A driver who was fined £100 for parking outside a property on a residential estate has had the charge overturned after a successful fight.

Lesley Anderson was seething after she was given a ticket while visiting the St Mary’s Park development, off Dilly Lane in Hartley Wintney, on January 23.

She appealed the decision, which ruled in her favour in a letter issued last Tuesday.

Mrs Anderson was helped in her appeal by Fleet resident and parking campaigner Peter Ashford, who said she had received the £100 parking charge demand, issued by UKPC, for ‘parking briefly at night’ in Damson Drive.

“She complained of having seen no warning that she was on private land or that there were any restrictions of parking,” Mr Ashford added.

After UKPC refused to cancel the charge, Mrs Anderson appealed to Parking On Private Land Appeals (POPLA), the private land parking appeal tribunal, which upheld her appeal and cancelled the charge.

Mr Ashford said that on examining the parking ticket, which he said was ‘defective’, he visited St Mary’s Park and identified 13 ‘serious defects’ in UKPC’s operation, ‘any one of which justified cancellation of its £100 demand’.

Mr Ashford said: “In UKPC’s initial response to the appeal, they produced no valid evidence to show they had any authority from, or on behalf of, the unknown land owner of Damson Drive to enforce any ‘prohibition of parking in a roadway’.

“Nor did they show that such a prohibition authorised by, or on behalf of, the land owner even exists.

“UKPC has no lawful power to operate enforcement at St Mary’s Park. They are an authorised operator of the British Parking Association (BPA) and may conduct enforcement only if they comply with the mandatory requirements of the BPA Operator Code of Practice, which they don’t. That invalidates any contract they may have to operate.”

Mr Ashford said the estate’s entrance is via Damson Drive and the code requires that UKPC must place a prominent ‘Private Land’ notice at the entrance to St Mary’s Park.

“There is no such mandatory notice and Damson Drive is actually signed with Hart District Council street nameplates, which clearly indicates it is a public highway where private company enforcement isn’t possible,” said Mr Ashford.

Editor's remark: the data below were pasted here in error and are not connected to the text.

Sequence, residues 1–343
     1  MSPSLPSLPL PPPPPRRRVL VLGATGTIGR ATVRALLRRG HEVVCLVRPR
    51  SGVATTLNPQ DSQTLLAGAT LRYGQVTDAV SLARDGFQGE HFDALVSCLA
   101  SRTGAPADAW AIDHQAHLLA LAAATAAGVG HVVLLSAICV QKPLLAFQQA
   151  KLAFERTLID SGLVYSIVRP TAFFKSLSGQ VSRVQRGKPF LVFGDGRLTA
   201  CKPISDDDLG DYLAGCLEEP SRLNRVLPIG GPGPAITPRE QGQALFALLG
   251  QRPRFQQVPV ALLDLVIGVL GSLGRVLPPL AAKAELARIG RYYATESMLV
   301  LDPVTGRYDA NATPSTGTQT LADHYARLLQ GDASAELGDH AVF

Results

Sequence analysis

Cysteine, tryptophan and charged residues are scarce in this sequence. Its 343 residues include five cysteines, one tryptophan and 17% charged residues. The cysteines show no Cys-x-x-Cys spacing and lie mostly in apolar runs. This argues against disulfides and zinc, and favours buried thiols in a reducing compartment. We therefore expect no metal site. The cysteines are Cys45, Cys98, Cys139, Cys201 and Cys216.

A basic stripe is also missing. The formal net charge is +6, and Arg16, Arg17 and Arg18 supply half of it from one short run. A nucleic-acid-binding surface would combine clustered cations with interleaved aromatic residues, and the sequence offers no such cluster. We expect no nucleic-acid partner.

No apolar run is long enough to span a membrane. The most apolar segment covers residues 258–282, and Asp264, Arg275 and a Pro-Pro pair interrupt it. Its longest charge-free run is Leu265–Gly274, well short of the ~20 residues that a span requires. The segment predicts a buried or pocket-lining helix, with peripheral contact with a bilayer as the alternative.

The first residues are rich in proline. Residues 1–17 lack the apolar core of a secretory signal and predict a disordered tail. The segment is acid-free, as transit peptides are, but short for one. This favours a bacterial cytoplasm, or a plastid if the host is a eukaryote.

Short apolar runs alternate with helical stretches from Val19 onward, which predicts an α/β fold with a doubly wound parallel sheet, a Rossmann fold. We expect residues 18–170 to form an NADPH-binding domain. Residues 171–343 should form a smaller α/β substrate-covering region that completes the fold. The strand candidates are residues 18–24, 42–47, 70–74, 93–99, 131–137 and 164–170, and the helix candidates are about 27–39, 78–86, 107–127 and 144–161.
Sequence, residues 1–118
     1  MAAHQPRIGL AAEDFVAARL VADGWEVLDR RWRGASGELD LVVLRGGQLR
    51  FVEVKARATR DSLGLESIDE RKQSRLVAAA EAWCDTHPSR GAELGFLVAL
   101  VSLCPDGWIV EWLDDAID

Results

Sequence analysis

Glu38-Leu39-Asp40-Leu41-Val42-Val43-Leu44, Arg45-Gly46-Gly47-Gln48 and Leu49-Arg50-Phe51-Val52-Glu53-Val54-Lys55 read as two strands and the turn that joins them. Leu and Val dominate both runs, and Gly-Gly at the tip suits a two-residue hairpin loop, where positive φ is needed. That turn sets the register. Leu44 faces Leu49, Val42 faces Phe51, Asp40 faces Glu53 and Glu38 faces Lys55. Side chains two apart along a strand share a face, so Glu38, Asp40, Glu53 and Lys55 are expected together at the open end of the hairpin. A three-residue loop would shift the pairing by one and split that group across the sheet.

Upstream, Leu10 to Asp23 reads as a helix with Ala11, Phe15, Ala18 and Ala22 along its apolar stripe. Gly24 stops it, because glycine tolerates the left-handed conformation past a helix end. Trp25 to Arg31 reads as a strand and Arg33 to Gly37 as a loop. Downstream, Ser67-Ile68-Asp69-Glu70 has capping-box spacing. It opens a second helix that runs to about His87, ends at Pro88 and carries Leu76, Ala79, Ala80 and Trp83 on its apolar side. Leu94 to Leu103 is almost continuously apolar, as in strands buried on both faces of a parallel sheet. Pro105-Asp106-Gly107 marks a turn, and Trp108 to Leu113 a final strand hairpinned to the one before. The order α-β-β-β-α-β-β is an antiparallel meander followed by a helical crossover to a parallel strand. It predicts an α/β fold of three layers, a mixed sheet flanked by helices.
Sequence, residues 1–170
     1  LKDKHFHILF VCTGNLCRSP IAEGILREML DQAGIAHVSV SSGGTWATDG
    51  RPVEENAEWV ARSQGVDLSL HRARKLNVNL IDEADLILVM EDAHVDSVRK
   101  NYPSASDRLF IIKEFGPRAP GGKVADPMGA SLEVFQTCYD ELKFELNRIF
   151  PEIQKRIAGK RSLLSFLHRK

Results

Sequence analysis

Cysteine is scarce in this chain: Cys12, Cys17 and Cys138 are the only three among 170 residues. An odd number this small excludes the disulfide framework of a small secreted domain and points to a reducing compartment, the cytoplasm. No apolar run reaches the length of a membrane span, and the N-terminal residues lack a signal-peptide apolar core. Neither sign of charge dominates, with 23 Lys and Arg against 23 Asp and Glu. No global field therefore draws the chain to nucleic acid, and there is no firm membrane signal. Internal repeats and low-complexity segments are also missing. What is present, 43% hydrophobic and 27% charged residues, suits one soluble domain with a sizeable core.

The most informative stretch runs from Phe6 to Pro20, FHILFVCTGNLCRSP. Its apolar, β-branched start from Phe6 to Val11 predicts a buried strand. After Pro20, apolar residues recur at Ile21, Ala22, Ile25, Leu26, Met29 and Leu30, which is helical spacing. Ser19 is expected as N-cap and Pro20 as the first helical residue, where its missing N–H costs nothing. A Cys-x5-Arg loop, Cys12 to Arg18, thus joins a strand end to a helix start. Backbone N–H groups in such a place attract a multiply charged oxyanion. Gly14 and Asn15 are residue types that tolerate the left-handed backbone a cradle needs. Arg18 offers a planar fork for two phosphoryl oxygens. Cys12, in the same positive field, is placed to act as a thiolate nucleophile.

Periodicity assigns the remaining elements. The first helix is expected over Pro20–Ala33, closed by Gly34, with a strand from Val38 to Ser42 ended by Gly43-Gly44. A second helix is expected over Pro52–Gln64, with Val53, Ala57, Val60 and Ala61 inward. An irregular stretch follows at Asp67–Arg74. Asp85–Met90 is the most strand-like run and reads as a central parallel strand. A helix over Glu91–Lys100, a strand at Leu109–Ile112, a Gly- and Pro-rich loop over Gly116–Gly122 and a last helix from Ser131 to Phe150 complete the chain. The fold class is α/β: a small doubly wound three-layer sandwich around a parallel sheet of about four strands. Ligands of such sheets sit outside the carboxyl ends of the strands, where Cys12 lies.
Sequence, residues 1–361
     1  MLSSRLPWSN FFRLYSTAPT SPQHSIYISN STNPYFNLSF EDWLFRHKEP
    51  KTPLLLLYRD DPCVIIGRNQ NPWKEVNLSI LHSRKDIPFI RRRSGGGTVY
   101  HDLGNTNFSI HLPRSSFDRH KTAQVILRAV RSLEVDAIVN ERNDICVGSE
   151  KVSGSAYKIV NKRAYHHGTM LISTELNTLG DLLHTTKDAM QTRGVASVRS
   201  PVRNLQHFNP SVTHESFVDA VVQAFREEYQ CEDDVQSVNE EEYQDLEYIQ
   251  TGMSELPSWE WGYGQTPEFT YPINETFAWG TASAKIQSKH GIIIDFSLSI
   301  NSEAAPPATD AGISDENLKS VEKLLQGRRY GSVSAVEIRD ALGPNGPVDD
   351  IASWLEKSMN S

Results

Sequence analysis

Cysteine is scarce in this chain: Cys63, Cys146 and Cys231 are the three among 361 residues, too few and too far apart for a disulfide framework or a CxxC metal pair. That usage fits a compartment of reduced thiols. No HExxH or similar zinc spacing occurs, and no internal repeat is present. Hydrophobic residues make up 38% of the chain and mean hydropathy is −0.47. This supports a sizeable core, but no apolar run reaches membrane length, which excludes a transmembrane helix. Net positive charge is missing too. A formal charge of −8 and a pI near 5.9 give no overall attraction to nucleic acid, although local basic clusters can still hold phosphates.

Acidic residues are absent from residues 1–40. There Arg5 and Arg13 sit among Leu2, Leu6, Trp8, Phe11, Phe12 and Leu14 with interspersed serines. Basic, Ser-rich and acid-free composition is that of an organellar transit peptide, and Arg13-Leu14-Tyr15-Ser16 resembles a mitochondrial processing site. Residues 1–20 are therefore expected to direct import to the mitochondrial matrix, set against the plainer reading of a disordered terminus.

“The UKPC signs around the estate don’t comply with the code. They are full of irrelevant verbiage, the text is only 6mm high on signs set far back from the roadway against the walls of houses level with upstairs windows.

“They are unlikely to be noticed in daytime and are near invisible at night, when Mrs Anderson parked her car.”

In allowing the appeal, tribunal assessor Ricky Powell said it was only necessary to consider one submission: that UKPC had no authority from the landowner to issue parking charges on the land and, specifically, that UKPC had been unable to prove who owned the land.

Mr Powell said that, on the balance of probabilities, he did not find the operator had valid authorisation to issue parking charges on the land.

Mr Ashford said he was delighted to have helped Mrs Anderson. “It’s important that people get to understand exactly what’s wrong with so much of this private land enforcement,” he added.

“Lesley is rightly concerned about drivers being misled and conned at other new estates, which must be signed as private land at all entrances. I hope this case will prevent a repetition of this elsewhere.”

Mrs Anderson was relieved to have won, adding: “I’m very thankful to Peter Ashford for his time, patience and determination in helping me fight the appeal.”

UKPC was unavailable for comment as the News & Mail went to press